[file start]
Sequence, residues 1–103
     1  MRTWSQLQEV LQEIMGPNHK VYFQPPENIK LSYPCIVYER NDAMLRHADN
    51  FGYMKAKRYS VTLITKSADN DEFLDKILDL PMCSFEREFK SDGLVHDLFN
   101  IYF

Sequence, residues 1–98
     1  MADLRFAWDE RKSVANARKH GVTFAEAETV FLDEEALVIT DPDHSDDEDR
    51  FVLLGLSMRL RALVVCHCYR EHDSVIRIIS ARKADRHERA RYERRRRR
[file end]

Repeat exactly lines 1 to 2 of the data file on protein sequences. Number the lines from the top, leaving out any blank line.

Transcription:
Sequence, residues 1–103
     1  MRTWSQLQEV LQEIMGPNHK VYFQPPENIK LSYPCIVYER NDAMLRHADN